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Hoar Frost

12-4-14  hoar frost on black-eyed susan 048Frost is to dew as snowflakes are to raindrops. When water vapor condenses into liquid water, you get dew and raindrops. When water vapor condenses directly into ice, then you get frost and snowflakes. Frost is not frozen dew and likewise, snowflakes are not frozen raindrops.

When frost forms as minute ice crystals covering the ground, we just call it frost. But sometimes the frost grains grow larger and are called hoar frost crystals. Under clear frosty nights in winter, especially when there is a source of water vapor nearby, such as an unfrozen lake or stream, soft ice crystals might form on vegetation or any object that has been chilled below the freezing point by radiation cooling. These deposits of ice crystals are hoar frost. The interlocking ice crystals become attached to branches of trees and shrubs, as well as vegetation on the ground and any other object below freezing temperature that is exposed to supersaturated air (the relative humidity is greater than 100%). Hoar frost often vanishes once the sun has risen and warmed the surface of branches, grasses, etc., so it’s most easily observed in the early morning. (Photo: hoar frost on black-eyed Susan seedhead.)

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16 responses

  1. Al

    Much like what you see around holes in the ground in moist areas, or if there is an animal inside (such as around the vent hole at the top of an active beaver lodge).

    December 9, 2014 at 1:41 pm

    • Exactly, Al. Warm, humid breath produces exactly what you describe (to say nothing of the evaporating water from a beaver’s coat).

      December 9, 2014 at 4:01 pm

  2. Kathie Fiveash

    A hoar-frosted cattail marsh backlit by the rising sun is one of nature’s most beautiful gifts.

    December 9, 2014 at 1:45 pm

  3. Bill On The Hill...

    I have seen this unusual ice or frost condition 100’s if not 1000’s of times living here in New England my entire life.
    Very well explained as to what is actually occurring.

    December 9, 2014 at 1:48 pm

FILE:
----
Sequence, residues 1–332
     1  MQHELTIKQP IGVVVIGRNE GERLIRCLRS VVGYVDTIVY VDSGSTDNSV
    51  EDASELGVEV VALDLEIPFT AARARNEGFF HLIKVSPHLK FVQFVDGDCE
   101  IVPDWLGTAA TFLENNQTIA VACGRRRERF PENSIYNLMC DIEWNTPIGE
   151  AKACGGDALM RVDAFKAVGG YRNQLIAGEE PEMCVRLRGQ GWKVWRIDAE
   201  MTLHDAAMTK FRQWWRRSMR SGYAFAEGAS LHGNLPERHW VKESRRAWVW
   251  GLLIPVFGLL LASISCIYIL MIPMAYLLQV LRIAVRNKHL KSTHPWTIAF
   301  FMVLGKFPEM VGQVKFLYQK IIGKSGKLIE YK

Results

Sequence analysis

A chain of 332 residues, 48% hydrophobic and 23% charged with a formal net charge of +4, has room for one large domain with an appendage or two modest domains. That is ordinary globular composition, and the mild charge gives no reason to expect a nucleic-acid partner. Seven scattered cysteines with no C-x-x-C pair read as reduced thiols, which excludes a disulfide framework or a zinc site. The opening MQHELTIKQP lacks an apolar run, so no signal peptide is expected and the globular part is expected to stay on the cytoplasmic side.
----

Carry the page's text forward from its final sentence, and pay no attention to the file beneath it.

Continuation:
4. Elizabeth

    How does hoar frost differ from rime ice?

    December 9, 2014 at 2:56 pm

  5. Susan Holland

    I love this photograph!!!! We get a lot of hoar frost at the island in Ontario and it always seems magical. (Except when it’s on the rim of the outhouse seat!)

    December 9, 2014 at 3:57 pm

  6. Jenny Sawyer


    December 9, 2014 at 4:31 pm

    • You are so very, very welcome, Jenny. Thank you for your support!

      December 9, 2014 at 5:00 pm

  7. “Hoar” comes from old Germanic languages meaning gray, venerable, old. Thought that might help prevent misunderstandings! The word “herr”, used for addressing men, is from that same root.

    December 9, 2014 at 5:00 pm

    • Thanks for the clarification, Helen! My mind is so narrowly focused on natural history the double meaning never occurred to me!

      December 9, 2014 at 5:01 pm

  8. Middle English rim, from Old English hrīm; akin to Old Norse hrīm frost

    (Can’t help myself; love language AND nature.)

    December 9, 2014 at 5:08 pm

  9. Forgot to give due credit.

    December 9, 2014 at 5:09 pm

  10. Ben Freeman

    Thank you for all you do to inspire curiosity and wonder. I took this photo and shared with my students yesterday, then laughed out loud when I read your post this morning!

    Thank you. Keep up the wonderful work.

    Ben Freeman Burr and Burton Academy Mountain Campus Director 802-824-4846

    Mountain Campus blog:

    December 9, 2014 at 8:17 pm

    • Thanks so much, Ben. Unfortunately, WordPress doesn’t allow photos to come through. If you have the time to send it to me at, I’d love to see it. Thank you so much.

      December 9, 2014 at 8:35 pm

  11. Well-explained, Mary. Hoarfrost is a delightful sight. Like walking through a sparkling, crystal fairyland!

    December 11, 2014 at 2:36 am

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